Finally race morning came. The wind was the strongest I’ve ever encountered in a race. By the time we got in the water I couldn’t believe how rough the chop was. When the cannon went off I just felt like I was flailing and going absolutely no where. I would try to sight to the first turn buoy and the waves were so high I couldn’t see a thing. Finally there were a few girls around me and I caught up and just sat on their feet. I pulled for a bit once we turned, and then settled back on their feet because my swim just wasn’t there (which is pretty normal for me when I race back to back weekends). When I got to the bikes I thought “Oh no, there are a lot of bikes gone!” My crew yelled I was 4.5 minutes behind the leader. Yikes, my swim was waaayyyy off. Oh well, go enjoy the day. The bike was simply out and back. Immediately I knew my legs were ready to play. We had a straight tailwind going out. I was putting up good power numbers, yet I didn’t pass a single person. Again, oh well, enjoy the day. Once turned around we had a straight headwind. Perfect, just any other day in Oklahoma. I upped the wattage and thought “Shoot, just go for it.” Slowly one by one I started to pick girls off. And this fueled me further to keep pushing.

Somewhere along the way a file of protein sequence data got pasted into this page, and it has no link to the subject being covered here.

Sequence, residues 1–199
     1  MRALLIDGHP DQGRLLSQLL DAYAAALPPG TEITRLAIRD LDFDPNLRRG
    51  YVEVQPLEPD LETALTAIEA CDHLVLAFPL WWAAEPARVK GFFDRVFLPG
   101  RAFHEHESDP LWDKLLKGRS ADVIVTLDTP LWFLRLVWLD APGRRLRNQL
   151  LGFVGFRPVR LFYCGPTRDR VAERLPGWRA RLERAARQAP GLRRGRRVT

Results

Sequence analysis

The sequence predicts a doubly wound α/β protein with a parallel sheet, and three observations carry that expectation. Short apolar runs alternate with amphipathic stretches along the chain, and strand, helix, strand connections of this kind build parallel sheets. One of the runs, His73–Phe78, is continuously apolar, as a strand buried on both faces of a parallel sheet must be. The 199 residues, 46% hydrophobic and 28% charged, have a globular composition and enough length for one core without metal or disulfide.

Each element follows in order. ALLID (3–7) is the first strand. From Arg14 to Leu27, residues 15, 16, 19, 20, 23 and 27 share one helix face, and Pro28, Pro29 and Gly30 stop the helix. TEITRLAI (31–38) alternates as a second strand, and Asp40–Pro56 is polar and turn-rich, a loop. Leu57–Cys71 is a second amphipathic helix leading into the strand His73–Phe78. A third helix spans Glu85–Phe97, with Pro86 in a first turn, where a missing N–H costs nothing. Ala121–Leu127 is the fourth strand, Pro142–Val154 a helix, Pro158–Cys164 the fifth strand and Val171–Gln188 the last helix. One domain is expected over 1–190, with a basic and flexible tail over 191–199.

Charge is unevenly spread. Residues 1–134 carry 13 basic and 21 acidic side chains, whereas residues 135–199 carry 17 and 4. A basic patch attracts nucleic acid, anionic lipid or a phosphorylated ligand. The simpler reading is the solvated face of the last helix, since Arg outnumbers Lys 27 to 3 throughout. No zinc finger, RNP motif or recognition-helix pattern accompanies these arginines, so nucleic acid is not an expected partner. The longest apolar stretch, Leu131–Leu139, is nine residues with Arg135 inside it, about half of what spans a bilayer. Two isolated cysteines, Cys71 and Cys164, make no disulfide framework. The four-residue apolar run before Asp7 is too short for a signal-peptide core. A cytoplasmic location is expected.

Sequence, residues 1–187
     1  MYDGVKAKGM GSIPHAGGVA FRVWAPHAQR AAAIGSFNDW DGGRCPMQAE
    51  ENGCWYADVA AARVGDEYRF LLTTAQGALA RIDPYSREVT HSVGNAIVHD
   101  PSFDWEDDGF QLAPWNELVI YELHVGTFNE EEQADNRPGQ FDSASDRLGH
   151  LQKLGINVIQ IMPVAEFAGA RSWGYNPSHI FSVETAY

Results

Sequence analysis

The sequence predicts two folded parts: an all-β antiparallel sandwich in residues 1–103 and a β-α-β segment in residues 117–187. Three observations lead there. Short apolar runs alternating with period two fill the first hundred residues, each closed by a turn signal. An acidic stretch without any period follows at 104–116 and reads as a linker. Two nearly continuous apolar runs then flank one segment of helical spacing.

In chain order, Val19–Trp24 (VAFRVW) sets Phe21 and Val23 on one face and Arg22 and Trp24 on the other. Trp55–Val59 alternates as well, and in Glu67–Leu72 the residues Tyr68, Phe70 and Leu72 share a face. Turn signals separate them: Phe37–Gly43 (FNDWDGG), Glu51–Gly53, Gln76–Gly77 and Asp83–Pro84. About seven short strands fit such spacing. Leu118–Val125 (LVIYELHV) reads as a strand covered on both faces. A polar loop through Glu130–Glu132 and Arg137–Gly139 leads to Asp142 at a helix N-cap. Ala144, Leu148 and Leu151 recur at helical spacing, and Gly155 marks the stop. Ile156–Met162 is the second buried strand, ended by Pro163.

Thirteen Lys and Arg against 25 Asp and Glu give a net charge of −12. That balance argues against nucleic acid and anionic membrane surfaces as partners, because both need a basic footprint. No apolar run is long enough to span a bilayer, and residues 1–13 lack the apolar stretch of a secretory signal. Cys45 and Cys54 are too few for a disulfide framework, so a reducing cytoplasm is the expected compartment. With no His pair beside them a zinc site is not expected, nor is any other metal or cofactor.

I got to transition and was a little worried since I rode closer to threshold for 28 miles. My garmin literally broke the day before, so I was running with just my trusty timed watch. Immediately I knew my run legs were ready to play as well. I held around 6:15s the entire race and while I hurt, I was never in death mode like my last few races. I was fired up the whole run thanks to a million cheers for Team RWB, my kids, my parents, and friends. Hometown support is amazing!! I ran myself into 4th (in the money, yeah!!) The winner crushed us all, and second and third had some cushion over me, but I didn’t care. For all purposes I won that race. And what I mean is that I won the battle within myself. I was quite emotional. To think that a few days before I just wanted to quit, give up, roll over and play dead. Nonsense. Life is meant for living, not sitting around feeling sorry for yourself. Winston Churchill said it perfectly, “Never ever ever ever give up.”
So let me thank some very important people and sponsors. First off, to my mom. I COULD NOT do this without her. Bottomline! She is my rock. And for my other rock, my dad. I am beyond lucky to have these amazing people as my parents. Next off to my coach, Kevin Purcell, for never giving up on me even when I’ve wanted to give up on myself. To Ryan Gabriel for helping me endlessly with my bike. I know I’m a huge pain in the ass Ryan, thank you for your patience with me! To my sponsors–PowerPlay, Powerbar, RaceQuest, BlueSeventy, Runners World, Elite Cycling, Rudy Project, John Cobb, John R. Jones PC. Thank you for all your help! To those who I carry with me always–my kiddos, family, friends, and Team RWB. Your support does not go unnoticed nor unappreciated. Thank you thank you thank you!! Next up, Ironman Texas!